The above two pages along with their callback functions complete our login process. Now, we need to implement the “forgot password” link in case the user forgets the password. Our third page – forget_password serves this purpose. The callback for this page is:

function send_forget_password_mail($email) {

$account = user_load_by_mail($email);

if(!empty($account) && $account->uid){

_user_mail_notify(‘password_reset’, $account, $language = NULL);

$output = ’email sent!’;

}else{

$output = ‘Wrong Username!’;

}

print $output;

}

In this function, we first test if the user with the provided email actually exists or not. If it exists, then we use _user_mail_notify function for drupal to send the password reset email for that account. This function accepts three arguments out of which the third one is optional. The first one is the type of email to be sent. We use “password_reset” to send an email with password reset link. The other placeholders for this argument are given on this page. The second argument is the user object of the user whom the email is to be sent.

 

Thus, we easily created a web-service or simple generic API that can validate and login users into the drupal website and also send a password reset email whenever required. All you need to do it create the module, install and enable it!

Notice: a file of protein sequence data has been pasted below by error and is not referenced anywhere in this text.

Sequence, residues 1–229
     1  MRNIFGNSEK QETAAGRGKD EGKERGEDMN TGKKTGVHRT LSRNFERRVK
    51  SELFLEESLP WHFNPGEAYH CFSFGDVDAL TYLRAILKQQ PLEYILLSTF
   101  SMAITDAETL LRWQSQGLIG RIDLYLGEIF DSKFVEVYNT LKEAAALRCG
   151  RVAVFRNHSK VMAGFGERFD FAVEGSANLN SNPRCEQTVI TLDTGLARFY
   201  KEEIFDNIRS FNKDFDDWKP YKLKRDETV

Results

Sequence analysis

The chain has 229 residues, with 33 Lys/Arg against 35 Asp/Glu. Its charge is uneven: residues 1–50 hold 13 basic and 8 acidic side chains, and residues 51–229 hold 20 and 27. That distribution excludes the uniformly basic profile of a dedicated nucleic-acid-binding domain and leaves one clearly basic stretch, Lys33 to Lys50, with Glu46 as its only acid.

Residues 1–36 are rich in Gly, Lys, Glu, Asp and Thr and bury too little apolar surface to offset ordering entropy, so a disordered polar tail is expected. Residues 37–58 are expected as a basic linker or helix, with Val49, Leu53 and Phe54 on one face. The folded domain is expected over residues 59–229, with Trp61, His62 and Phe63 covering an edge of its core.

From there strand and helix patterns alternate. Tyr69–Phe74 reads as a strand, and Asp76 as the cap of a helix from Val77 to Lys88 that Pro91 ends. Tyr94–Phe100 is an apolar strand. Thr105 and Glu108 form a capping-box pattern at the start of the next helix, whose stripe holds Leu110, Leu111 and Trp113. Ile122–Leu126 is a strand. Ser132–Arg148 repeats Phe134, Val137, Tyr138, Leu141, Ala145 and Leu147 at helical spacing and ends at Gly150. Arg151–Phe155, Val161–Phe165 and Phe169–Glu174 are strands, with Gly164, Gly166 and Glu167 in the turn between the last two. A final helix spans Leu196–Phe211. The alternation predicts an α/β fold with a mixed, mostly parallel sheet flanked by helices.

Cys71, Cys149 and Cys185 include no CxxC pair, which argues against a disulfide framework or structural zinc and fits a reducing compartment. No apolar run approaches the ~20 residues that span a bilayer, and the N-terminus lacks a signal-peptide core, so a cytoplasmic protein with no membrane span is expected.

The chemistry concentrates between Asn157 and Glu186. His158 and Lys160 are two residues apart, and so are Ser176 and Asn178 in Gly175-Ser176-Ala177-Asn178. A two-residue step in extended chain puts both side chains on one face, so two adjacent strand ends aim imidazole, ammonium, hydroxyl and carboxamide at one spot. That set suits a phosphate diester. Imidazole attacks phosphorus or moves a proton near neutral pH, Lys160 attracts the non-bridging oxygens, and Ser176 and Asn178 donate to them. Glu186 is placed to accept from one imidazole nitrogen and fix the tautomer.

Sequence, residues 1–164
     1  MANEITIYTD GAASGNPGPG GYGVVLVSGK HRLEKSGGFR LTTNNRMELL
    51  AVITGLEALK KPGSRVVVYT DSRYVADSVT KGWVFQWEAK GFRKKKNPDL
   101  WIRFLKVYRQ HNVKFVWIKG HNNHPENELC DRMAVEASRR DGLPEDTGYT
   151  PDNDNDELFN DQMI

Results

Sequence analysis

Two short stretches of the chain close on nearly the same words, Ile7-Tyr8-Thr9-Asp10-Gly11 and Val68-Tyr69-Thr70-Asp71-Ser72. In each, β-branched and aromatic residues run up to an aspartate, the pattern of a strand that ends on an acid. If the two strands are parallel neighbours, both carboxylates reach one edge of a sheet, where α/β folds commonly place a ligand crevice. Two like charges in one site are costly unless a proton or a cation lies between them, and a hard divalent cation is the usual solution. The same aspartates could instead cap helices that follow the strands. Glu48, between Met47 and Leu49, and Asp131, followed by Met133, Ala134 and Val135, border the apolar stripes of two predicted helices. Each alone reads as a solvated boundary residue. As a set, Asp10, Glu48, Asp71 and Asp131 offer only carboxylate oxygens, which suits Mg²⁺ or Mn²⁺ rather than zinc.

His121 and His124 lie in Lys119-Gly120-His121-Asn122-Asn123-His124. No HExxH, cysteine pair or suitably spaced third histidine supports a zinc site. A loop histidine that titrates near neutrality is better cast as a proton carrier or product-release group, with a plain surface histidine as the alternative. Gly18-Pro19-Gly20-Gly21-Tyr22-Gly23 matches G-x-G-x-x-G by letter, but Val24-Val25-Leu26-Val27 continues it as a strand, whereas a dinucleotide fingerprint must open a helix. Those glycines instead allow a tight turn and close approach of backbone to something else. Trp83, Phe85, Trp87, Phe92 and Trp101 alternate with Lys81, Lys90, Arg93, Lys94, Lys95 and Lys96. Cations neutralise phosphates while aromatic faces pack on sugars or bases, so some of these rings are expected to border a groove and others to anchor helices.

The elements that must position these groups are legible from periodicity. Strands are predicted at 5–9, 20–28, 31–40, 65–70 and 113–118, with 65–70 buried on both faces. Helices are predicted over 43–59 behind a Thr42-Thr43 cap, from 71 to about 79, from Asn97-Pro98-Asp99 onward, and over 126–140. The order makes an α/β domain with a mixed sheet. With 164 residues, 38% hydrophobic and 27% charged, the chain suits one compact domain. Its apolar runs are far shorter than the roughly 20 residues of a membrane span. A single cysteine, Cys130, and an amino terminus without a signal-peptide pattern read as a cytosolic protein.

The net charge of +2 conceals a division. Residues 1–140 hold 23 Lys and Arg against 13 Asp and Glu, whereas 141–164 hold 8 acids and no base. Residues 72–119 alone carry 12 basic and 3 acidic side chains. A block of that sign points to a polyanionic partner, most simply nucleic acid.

Implementing Webview along with API in Android

 

WebView is a view that display web pages inside your application. You can also specify HTML string and can show it inside your application using WebView. WebView makes turns your application to a web application.

 

In order to add WebView to your application , you have to add element to your xml layout file. Its syntax is as follows:

 

android:id=”@+id/webview”

android:layout_width=”fill_parent”

android:layout_height=”fill_parent”

/>

In order to use it, you have to get a refrence of this view in Java file. To get a reference , create an object of the class WebView. Its syntax is:

 

WebView browser = (WebView) findViewById(R.id.webview);

In order to load a web url into the WebView , you need to call a method loadUrl(String url) of the WebView class, specifying the required url. Its syntax is: